After having traveled more than 3,000 miles, spent nearly 100 hours trapped in their hotel rooms and survived roughly 76 borderline terrifying interactions with mobs of screaming fans to get to this very moment, the fate of Fall Out Boy’s record-setting trip to Antarctica came down to a very small number: one.
To be more specific, one percent, as in “there is a 1 percent chance the weather on Antarctica will cooperate and allow us to land there on Thursday,” which is what organizers of the trip were telling the band and their management late Wednesday night. On Thursday morning (March 27), when the weather didn’t clear up, it was the final nail in the coffin: After much consternation (and a whole lot of profanity), the decision was made to cancel Fall Out Boy’s Antarctic trip.
Which means there will be no concert on a research facility, no meetings with penguins and, most important, no entry into the “Guinness Book of World Records.” Management is scrambling to book the band on return flights, pull up camp and get back to the U.S. as quickly as possible. In the end, it seemed that the unpredictable Antarctic weather -coupled with the exorbitant cost of keeping a crew of 15 individuals sheltered, fed and entertained -proved to be too much. It’s official: It’s over.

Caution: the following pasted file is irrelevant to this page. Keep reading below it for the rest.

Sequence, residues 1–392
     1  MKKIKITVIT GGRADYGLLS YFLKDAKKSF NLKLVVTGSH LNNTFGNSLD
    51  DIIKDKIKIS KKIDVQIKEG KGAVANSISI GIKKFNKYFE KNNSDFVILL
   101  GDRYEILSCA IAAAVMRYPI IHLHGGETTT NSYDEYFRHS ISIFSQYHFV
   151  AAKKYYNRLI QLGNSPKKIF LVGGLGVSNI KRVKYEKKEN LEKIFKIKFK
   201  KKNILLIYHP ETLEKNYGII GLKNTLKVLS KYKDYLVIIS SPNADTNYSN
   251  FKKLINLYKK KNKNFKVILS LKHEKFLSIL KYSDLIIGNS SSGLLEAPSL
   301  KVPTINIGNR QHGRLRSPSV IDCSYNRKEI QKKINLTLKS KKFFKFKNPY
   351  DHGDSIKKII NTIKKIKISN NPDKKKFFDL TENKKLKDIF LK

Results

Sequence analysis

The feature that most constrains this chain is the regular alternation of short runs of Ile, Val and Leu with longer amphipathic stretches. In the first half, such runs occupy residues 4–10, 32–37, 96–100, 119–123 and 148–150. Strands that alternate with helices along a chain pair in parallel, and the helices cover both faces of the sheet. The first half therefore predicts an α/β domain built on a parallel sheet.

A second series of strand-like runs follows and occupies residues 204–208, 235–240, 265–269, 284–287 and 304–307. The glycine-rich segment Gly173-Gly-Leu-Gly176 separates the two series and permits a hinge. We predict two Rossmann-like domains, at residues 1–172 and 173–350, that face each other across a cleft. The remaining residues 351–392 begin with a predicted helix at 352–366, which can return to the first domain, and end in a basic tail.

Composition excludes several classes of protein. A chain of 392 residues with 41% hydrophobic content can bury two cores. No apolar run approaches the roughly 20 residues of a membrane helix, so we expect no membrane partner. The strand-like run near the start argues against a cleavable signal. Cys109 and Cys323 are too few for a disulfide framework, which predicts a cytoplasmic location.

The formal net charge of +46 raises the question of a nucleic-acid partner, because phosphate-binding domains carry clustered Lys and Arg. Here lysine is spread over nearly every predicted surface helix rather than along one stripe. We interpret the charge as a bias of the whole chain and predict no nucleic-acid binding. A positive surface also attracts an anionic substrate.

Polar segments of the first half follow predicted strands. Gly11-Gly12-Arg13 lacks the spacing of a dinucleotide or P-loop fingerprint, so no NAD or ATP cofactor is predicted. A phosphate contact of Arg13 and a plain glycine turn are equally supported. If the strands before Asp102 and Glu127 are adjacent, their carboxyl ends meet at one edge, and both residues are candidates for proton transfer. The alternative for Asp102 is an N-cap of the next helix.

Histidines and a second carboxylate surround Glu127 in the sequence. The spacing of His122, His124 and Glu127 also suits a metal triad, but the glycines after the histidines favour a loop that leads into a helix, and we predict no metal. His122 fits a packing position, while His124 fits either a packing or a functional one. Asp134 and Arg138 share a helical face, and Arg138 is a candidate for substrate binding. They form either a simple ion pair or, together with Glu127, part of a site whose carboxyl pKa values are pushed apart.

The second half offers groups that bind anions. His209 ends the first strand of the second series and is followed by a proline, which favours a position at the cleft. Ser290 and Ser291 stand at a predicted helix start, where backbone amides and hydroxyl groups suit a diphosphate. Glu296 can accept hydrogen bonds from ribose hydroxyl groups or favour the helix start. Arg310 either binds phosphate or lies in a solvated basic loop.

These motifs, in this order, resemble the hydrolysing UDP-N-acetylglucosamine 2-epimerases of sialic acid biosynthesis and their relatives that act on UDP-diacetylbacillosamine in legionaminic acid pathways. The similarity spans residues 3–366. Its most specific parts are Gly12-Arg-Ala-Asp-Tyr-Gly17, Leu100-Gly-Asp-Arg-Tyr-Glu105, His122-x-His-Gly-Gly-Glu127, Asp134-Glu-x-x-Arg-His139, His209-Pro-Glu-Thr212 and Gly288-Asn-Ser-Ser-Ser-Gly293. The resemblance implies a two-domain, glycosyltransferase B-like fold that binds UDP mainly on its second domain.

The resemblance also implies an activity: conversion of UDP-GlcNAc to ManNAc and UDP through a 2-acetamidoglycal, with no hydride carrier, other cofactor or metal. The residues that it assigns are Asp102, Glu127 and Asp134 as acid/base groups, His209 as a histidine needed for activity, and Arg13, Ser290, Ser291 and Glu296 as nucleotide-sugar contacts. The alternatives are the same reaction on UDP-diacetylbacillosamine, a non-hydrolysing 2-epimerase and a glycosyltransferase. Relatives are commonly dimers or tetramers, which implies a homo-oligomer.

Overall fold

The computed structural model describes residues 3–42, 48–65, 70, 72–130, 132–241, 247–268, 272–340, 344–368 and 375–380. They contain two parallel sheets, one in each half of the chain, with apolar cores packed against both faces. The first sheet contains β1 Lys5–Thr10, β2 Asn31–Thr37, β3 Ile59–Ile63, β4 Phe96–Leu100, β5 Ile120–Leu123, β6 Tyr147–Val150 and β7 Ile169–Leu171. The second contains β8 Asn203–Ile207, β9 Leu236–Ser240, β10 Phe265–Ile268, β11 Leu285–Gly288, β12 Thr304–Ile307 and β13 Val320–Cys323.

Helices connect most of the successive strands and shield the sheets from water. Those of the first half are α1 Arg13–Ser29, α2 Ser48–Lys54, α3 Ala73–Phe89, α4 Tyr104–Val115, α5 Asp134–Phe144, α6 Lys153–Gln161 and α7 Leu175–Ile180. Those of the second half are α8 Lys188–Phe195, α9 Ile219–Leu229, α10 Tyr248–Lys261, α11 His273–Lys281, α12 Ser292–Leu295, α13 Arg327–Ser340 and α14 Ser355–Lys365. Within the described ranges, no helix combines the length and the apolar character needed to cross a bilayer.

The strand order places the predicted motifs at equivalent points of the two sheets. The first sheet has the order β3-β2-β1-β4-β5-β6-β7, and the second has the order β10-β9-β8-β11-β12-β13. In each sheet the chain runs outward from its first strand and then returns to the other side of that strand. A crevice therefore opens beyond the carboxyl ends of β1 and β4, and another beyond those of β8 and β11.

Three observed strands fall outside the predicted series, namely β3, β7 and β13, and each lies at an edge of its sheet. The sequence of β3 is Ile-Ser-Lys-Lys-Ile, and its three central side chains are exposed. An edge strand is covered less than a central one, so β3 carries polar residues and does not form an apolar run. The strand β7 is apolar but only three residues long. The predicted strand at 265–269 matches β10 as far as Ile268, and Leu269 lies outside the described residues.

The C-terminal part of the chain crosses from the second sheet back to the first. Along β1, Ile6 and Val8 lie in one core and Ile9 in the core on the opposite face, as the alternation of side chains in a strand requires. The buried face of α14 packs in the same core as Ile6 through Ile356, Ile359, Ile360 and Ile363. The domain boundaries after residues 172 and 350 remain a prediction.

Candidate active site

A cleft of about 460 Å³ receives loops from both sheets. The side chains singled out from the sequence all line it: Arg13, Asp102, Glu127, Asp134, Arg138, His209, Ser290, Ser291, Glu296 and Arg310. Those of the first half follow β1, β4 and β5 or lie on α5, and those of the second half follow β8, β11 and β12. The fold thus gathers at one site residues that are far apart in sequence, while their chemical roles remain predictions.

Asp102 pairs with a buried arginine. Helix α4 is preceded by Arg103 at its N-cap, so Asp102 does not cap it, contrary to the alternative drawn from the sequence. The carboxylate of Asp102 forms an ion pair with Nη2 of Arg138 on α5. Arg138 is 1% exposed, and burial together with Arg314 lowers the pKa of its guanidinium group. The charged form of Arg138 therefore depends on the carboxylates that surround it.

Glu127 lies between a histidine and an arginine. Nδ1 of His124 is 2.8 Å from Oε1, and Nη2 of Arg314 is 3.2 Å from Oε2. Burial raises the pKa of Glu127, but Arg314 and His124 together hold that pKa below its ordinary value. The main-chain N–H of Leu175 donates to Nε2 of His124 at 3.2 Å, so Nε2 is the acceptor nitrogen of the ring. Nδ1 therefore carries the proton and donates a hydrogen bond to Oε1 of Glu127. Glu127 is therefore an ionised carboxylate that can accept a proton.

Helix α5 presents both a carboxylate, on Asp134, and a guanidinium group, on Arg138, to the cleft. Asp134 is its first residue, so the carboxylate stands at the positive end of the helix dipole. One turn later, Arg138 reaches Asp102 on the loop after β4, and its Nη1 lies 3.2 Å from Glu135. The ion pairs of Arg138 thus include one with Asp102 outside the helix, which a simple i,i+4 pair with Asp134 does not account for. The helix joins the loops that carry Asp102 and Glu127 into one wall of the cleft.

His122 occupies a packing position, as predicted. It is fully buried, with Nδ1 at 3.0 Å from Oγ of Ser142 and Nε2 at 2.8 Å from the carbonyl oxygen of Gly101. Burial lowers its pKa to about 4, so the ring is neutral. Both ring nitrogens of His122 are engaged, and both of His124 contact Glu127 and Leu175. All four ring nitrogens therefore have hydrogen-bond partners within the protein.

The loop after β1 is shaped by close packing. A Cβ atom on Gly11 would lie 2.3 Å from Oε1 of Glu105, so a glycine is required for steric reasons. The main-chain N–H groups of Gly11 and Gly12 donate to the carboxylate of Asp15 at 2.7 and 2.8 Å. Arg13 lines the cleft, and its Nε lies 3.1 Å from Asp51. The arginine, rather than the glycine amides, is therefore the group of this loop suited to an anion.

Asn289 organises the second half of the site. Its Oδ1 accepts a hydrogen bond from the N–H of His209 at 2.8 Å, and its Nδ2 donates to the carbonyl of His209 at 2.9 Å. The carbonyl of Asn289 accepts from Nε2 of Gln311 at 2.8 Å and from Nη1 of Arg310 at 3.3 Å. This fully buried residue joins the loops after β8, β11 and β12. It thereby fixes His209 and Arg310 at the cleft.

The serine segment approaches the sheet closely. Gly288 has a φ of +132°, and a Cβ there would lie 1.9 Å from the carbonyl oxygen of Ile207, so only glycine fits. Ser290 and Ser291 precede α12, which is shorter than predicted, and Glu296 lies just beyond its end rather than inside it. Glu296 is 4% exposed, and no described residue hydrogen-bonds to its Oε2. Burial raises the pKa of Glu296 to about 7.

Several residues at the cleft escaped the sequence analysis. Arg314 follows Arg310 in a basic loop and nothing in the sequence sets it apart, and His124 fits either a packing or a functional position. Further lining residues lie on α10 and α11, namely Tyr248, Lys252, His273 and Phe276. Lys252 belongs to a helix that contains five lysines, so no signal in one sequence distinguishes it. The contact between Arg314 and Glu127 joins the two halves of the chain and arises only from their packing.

“It’s an utter fucking disappointment. … It’s so insane. We had this idea, and then to not be able to fulfill it is just disappointing, especially when you put it out there. But what are you gonna do, wait until winter’s over?” bassist Pete Wentz sighed. “It’s the worst feeling I’ve felt in Fall Out Boy, [we were,] like, two hours away from being able to do it. … I read [on the Newsroom blog] someone compared it to Geraldo opening Capone’s vault, but it’s worse than that, because, like, Capone’s stuff is in there, you just can’t get the light on. There’s no spin for it; we got two hours away from Antarctica and we can’t go.”
This is not to say that the band and their management didn’t try every possible scenario to make it happen. When Wednesday’s “1 percent” ultimatum was given, road manager Henry Bordeaux’s hotel room was transformed into a (very smoky) sort of think tank, as the entire team tried desperately to figure out another way to get to Antarctica. There was talk of trying to fit the band on a boat and have them make the two-day journey to the continent by sea. Manager Bob McLynn paced in the background on a cell phone, trying to convince the flight crew they had hired to let the band’s plane take off. Pete Wentz suggested hiring a private boat and sailing just inside the Arctic Circle, so the band could play a brief acoustic set. And Bordeaux somehow managed to track down a massive C-130 Hercules aircraft at a Chilean airstrip, which he was told could make the trip if the weather improved “even slightly.”
“Right now it’s just not looking good. I don’t understand how all day they can go from saying the weather’s looking great to all of a sudden it’s not possible again,” Bordeaux told the room. “But if it can change that quickly, I don’t know why it can’t change to be good in the morning. We’d be ready to go in five minutes if it happened right now. … It’s really frustrating. … Everyone’s reaching their boiling point right now.”